Manchester by the Sea

This year’s Sundance slate is positively jam-packed with tales of family tragedy, from Other People to The Hollars to The Fundamentals of Caring to Hunt for the Wilderpeople. But grief has rarely been explored as deeply and as beautifully, at Sundance or elsewhere, as in Kenneth Lonergan‘s Manchester by the Sea. This film wrecked me, to the point that I started crying all over again while working on this very review.

Casey Affleck, giving a career-best performance in a career-best role, is the devastating heart of this exquisitely wrought drama. Surrounding him are a rock-solid cast that also includes Kyle ChandlerLucas HedgesMichelle Williams, and C.J. Wilson. Collectively, they’ve put together a film that I strongly suspect will turn out to be the very best of this year’s Sundance crop, at least in my personal estimation. Read More »

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Southside With You

Richard Linklater’s Before Sunrise has sparked dozens of imitations, some better than others, but Southside With You is almost certainly the first time it’s inspired a biopic based on a sitting U.S. president. Written and directed by Richard Tanne, the gentle indie romance chronicles the charmed first date of Barack Obama (Parker Sawyers), then a summer associate at a Chicago law firm, and Michelle Robinson (Tika Sumpter), then a second-year associate and his mentor at the same firm.  Read More »

The Hollars review

Angie Han’s review of Other People began by pointing out that the film “sounds like the most stereotypical of Sundance movies” but “in practice, every element is so well executed that the film itself feels like something special.” The same could be said of John Krasinski‘s The Hollars, which shares many of the same Sundance cliches. But The Hollars has an incredible ensemble cast that pushes this film from just another screening on the Sundance schedule to a funny and charming movie that will probably play at a theater near you.

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Under The Shadow

Ever since The Babadook premiered at Sundance in 2014, it feels like every new critically beloved, out-of-nowhere horror hit has been touted as “the new Babadook.” Most of the time, the descriptor is just a catchy way of saying “this horror film’s got buzz.” Many of these “new Babadooks,” from It Follows to The Witch, aren’t all that much like The Babadook at all, and — in my estimation — none of them have been quite as good.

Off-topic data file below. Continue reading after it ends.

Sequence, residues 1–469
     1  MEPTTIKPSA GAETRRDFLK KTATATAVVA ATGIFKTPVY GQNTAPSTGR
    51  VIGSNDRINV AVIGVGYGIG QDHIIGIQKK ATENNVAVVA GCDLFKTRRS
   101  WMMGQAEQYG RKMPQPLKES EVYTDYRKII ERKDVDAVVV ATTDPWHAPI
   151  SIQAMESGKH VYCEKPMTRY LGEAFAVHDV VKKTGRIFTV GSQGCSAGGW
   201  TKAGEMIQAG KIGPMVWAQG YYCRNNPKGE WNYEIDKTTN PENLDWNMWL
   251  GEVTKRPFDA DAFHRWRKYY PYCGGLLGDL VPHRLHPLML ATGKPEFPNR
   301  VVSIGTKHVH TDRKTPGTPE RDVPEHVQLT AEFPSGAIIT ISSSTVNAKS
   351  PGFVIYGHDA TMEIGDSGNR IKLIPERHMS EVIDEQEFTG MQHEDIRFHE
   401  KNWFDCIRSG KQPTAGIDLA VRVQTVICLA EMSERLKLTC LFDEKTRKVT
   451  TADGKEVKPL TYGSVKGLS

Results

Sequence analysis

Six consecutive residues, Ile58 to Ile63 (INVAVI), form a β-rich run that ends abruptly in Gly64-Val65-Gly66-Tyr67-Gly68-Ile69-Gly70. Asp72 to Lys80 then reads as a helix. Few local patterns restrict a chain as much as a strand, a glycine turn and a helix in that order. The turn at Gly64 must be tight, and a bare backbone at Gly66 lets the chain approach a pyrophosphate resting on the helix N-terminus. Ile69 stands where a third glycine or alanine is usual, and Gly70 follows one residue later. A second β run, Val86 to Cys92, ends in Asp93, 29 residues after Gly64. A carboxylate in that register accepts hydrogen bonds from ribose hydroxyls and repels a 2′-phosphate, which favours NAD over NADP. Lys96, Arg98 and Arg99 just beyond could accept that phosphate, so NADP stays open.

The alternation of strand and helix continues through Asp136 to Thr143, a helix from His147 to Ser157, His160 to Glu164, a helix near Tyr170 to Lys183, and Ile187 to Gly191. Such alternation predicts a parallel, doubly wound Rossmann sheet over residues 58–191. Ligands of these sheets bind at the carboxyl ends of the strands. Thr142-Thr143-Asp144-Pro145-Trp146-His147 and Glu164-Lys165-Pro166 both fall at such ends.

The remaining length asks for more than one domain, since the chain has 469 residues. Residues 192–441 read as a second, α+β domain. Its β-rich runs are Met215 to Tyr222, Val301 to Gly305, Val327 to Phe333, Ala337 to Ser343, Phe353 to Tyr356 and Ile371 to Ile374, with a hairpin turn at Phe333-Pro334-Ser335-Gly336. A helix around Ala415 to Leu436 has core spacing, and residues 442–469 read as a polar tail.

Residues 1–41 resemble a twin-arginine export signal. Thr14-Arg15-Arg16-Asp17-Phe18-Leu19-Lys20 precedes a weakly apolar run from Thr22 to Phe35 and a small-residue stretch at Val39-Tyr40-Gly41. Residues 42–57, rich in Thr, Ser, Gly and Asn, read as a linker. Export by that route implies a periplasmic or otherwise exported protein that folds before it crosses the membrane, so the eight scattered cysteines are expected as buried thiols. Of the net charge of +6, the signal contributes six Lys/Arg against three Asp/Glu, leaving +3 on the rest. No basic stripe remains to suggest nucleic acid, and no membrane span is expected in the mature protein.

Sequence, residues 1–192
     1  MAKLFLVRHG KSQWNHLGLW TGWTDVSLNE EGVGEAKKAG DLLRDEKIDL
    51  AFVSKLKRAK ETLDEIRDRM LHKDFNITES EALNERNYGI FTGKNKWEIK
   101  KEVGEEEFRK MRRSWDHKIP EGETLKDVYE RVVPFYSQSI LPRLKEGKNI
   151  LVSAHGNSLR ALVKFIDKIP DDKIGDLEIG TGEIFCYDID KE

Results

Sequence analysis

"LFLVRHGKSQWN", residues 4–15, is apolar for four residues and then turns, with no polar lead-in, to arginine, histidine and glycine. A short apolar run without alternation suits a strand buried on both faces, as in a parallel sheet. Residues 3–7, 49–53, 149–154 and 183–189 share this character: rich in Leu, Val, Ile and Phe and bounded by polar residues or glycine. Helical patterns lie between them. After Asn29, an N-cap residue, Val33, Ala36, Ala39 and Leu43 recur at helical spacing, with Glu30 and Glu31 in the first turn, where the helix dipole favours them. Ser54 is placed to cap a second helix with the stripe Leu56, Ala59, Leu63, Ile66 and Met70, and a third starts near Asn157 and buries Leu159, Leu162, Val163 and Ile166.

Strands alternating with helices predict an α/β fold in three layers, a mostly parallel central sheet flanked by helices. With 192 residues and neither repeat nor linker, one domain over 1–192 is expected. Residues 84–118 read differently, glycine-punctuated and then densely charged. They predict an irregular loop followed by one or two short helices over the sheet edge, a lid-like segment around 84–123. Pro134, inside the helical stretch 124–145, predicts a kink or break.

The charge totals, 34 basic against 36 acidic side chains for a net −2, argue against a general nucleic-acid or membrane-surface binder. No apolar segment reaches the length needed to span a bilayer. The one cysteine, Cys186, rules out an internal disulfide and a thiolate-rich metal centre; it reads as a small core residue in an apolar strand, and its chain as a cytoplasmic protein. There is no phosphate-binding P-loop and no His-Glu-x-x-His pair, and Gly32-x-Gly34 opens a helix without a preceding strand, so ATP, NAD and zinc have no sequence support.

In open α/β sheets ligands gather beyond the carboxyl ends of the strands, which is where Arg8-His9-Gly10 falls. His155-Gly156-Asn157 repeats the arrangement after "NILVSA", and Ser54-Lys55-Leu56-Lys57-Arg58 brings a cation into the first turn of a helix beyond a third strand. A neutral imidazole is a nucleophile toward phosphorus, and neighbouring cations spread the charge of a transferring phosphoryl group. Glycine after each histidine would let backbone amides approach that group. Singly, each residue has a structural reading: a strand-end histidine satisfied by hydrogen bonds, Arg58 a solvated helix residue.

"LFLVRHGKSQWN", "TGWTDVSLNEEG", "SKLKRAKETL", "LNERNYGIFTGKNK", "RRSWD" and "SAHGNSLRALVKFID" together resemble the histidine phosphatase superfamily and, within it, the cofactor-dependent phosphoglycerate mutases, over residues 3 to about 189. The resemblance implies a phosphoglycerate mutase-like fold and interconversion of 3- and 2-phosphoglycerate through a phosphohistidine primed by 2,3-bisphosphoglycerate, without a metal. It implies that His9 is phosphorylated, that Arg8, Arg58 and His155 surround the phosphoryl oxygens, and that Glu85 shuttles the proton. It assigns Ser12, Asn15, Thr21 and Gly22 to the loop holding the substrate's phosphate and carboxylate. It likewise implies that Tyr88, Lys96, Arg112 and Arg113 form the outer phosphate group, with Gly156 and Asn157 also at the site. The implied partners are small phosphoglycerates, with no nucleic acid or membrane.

In the case of this year’s Sundance horror Under the Shadow, though, the description really does seem apt. The film works for many of the same reasons The Babadook does. Like The Babadook, Under the Shadow relies more on tension and dread than cheap jump scares. And as with The Babadook, the uneasiness lingers long after the credits have rolled because it evokes real-life horrors, rather than simply relying on supernatural ones.  Read More »

Yoga Hosers

Yoga Hosers feels like a cross between an absurd live-action cartoon created by a stoner and a ’90s-style teenage comedy. It’s so strange, and unlike anything Kevin Smith has directed before. I’m honestly not sure if Yoga Hosers was terrible or if I am just not the target demographic for this story.

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Hunt for the Wilderpeople

Taika Waititi had a minor breakthrough last year with What We Do in the Shadows, and is about to have a much bigger one with Thor: Ragnarok, but in between he’s managed to squeeze in the delightful Hunt for the Wilderpeople. A sort of live-action Up with dashes of Roald Dahl, Wes Anderson, and Thelma & Louise, all filtered through Waititi’s own warm, offbeat sense of humor, Wilderpeople looks destined to become a new childhood classic. Read More »

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Swiss Army Man

About five minutes into Swiss Army Man, you’re faced with a choice. By this point in the film, you’ll have seen Hank (Paul Dano), a man stranded alone on a desert island, try to hang himself. His suicide attempt is interrupted by the arrival of a corpse (Daniel Radcliffe) that proves to be a prolific farter. Hank opts not to kill himself, and instead rides “Manny” like a flatulence-powered jet ski in the direction of civilization.

The scene is weird, and absurd, and crude, and dark, but kind of beautiful, too, and it’s at this point you have to make a decision: Either you’re willing to go with a movie that delights in all of those unsavory qualities, or you’re not. If you decide you’re not, know that Swiss Army Man will only get stranger and ruder, and you’re probably better off putting it back on the shelf until you’re in the mood for it. If you decide you are, however, you’ll discover a unique, oddly gorgeous adventure anchored by a superb performance from Radcliffe as a dead body (no, really).  Read More »

Sleight

Sleight is like Doug Liman’s Go crossed with Now You See Me, with a side of Chronicle. Smart, fun, and thrilling, JD Dillard‘s feature film debut will likely be a fast sale at Sundance as it provides some great high concept ideas at a micro budget.

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Morris From America

Morris From America is a wonderful and heartfelt cross-cultural coming-of-age tale about an African-American boy trying to adapt in Germany. This hip-hop-infused rite of passage story would work well in a triple feature alongside other Sundance films like Dope and The Wackness.

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